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Oblivion Island: Haruka and the Magic Mirror
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by Jay Seaver

"Lost in a new three-dimensional world."
3 stars

SCREENED AT THE 2010 FANTASIA INTERNATIONAL FILM FESTIVAL: Though digital production has all but taken over the American animation industry, Japan's has mostly remained dominated by hand-drawn images. Of course, as with Disney in the 1990s, digital tools have been used in many traditionally animated pictures, including those from Production I.G. Their first fully-digital feature, "Oblivion Island", is a nice little movie but I do rather hope that it's not a sign of things to come.

It's a cute enough story. Haruka was given a pretty hand mirror by her dying mother when she was younger, and said she would always have it with her, but at some point it wound up in a closet, and now she can't find it. The reason why she can't find it is because fox-masked creatures take the things humans take for granted, only returning them if appeased with an egg left at a shrine. 16-year-old Haruka (voice of Haruka Ayase), though she thinks that this is just a fairy tale, nevertheless leaves an egg, hardly expecting to actually see one of the creatures! When it grabs her keys, she pursues it to try to get them back, getting sucked into their world. And while it's probably not difficult to get back, she might as well find her mother's mirror while she's there. Except that it happens to be in the hands of The Baron...

The creative team involved is surprising - co-writer/director Shinsuke Sato has mostly done live-action fare, and his next two films are an adaptation of the ultraviolent manga Gantz; co-writer Hirotaka Adachi is better known for the horror stories he writes under the nom de plume Otsuichi. Surprisingly, what they come up with isn't particularly subversive; instead, it's rather standard family fare, with but one truly scary moment. That's not a mark against this movie, wihch is straightforward, charming, and goes down pretty easy. Kids will seldom get confused, at the very least, although the writing does have a bad habit of creating new rules for its fantasy world at the exact second they become convenient.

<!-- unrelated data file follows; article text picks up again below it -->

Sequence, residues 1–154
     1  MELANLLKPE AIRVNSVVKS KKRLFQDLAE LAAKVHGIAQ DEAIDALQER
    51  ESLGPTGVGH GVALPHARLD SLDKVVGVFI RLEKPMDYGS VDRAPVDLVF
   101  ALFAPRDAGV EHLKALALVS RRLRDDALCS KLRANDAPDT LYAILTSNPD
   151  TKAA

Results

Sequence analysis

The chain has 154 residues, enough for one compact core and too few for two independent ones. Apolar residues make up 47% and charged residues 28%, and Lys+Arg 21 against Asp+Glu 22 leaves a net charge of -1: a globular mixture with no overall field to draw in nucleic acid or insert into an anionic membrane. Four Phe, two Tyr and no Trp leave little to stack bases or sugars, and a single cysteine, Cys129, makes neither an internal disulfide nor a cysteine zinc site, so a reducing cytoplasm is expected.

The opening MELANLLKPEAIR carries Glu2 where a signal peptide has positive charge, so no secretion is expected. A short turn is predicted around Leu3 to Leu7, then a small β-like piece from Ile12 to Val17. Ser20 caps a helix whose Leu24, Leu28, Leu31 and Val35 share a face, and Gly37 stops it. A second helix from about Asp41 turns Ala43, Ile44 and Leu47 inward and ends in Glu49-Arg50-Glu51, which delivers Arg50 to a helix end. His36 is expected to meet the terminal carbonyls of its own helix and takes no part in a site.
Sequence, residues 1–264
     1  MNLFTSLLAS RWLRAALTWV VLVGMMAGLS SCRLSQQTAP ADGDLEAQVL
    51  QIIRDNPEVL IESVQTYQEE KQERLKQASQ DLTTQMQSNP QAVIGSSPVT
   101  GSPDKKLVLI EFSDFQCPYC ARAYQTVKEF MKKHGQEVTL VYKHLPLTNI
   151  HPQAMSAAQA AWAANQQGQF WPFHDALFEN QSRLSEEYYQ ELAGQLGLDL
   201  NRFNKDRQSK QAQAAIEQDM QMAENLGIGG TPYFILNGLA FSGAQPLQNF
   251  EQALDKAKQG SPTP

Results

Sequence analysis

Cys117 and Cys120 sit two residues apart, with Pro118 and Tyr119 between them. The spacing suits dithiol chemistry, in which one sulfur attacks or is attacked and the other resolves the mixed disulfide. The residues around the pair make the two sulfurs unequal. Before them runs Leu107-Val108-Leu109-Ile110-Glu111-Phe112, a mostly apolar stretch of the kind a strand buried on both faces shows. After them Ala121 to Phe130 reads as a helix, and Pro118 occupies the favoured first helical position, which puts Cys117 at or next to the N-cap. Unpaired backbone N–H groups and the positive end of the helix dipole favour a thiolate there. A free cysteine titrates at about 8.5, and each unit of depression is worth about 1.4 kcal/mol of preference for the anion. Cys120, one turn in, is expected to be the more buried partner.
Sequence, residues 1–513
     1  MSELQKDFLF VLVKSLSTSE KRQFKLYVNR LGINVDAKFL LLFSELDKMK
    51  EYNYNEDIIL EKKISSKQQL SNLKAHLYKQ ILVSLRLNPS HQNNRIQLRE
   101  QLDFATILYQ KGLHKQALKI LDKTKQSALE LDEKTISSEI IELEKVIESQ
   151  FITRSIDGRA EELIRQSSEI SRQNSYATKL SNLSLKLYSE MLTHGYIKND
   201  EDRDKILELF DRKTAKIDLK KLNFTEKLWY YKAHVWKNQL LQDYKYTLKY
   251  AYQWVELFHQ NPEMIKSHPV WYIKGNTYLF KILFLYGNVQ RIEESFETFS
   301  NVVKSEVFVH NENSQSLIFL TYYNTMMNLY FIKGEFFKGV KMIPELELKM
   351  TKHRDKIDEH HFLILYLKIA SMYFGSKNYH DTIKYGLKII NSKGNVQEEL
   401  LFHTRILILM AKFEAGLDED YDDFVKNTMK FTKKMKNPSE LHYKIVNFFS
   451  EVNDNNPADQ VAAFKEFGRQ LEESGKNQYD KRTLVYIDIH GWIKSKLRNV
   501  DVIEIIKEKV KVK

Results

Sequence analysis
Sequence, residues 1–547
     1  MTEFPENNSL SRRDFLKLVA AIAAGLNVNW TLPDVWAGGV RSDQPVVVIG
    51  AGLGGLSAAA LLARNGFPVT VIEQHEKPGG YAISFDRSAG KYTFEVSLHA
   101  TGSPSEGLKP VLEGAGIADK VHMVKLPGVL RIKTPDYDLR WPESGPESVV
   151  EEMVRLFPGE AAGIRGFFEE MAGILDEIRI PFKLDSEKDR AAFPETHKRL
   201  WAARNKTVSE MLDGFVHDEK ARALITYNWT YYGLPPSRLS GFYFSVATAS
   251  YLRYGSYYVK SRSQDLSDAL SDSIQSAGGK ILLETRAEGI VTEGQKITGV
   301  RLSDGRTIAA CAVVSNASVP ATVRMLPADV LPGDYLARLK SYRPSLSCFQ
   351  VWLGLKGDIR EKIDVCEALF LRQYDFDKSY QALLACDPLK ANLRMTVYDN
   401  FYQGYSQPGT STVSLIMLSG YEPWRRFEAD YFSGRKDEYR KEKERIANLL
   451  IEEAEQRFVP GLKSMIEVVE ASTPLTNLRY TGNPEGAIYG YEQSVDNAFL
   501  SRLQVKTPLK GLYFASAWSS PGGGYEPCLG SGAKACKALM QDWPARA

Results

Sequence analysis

The animation is something of a mixed bag. It's smooth and has weight; it's no surprise that Production I.G. has maintained their impeccable standards on that count even as they move to a new medium. And yet, the look of it is occasionally disconcerting to these eyes; in some ways, the character designs aren't even where American companies like Pixar and DreamWorks were when they started, but closer to the lesser studios that used fewer points of articulation and didn't do much to model things like hair, fabric, and vegetation. The other side of that is that this may be intentional; conventional anime frequently worked with simplified character designs and animation, and this may just be the equivalent.

What cannot be denied is what a striking world has been created. We are told that the people of Oblivion Island can't/don't make things like humans do, so everything on the island is made up of cast-off items and the designers seldom repeat themselves, no matter what corner of the screen one looks in. Haruka also seems to shrink a bit in size in the transition between worlds, so there's a nifty out of proportion thing going on, too. Vehicle designs are impressively jury-rigged things, and Sato takes advantage of the flying camera that digital animation makes practical to give us some exciting high-speed chase and high-flying action scenes.

The characters are enjoyable to watch, too. Haruka is not just the typical wide-eyed Alice down the rabbit hole; she's assertive and kind of pushy even when a bit dumbstruck by what she's seeing. Her lack of patience with her frequently-absent father is much funnier than those scenes often are (nice voice-acting by Haruka Ayase). Her reluctant guide to the island is Teo (voiced by Miyuki Sawashiro), the sort of loner who tries hard to convince himself it's by choice. The one that steals scenes, though, is Cotton, a lost toy of Haruka's given the power of speech that is initially angry but soon grows to be a swashbuckling hero.

As weird a production as "Oblivion Island" seems to be, it is one that works more often than it doesn't. I can't help but wonder whether it would look more polished as a traditionally animated film, but then again, I'm much older than the target audience of kids who aren't as yet stuck on the idea of how something is expected to be done.

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originally posted: 07/20/10 15:10:22
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OFFICIAL SELECTION: 2010 Fantasia International Film Festival For more in the 2010 Fantasia International Film Festival series, click here.
OFFICIAL SELECTION: 2010 Traverse City Film Festival For more in the 2010 Traverse City Film Festival series, click here.
OFFICIAL SELECTION: 2012 Dallas International Film Festival For more in the 2012 Dallas International Film Festival series, click here.

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Directed by
  Shinsuke Sato

Written by
  Shinsuke Sato
  Hirotaka Adachi

  Haruka Ayase
  Naho Toda
  Mitsuki Tanimura

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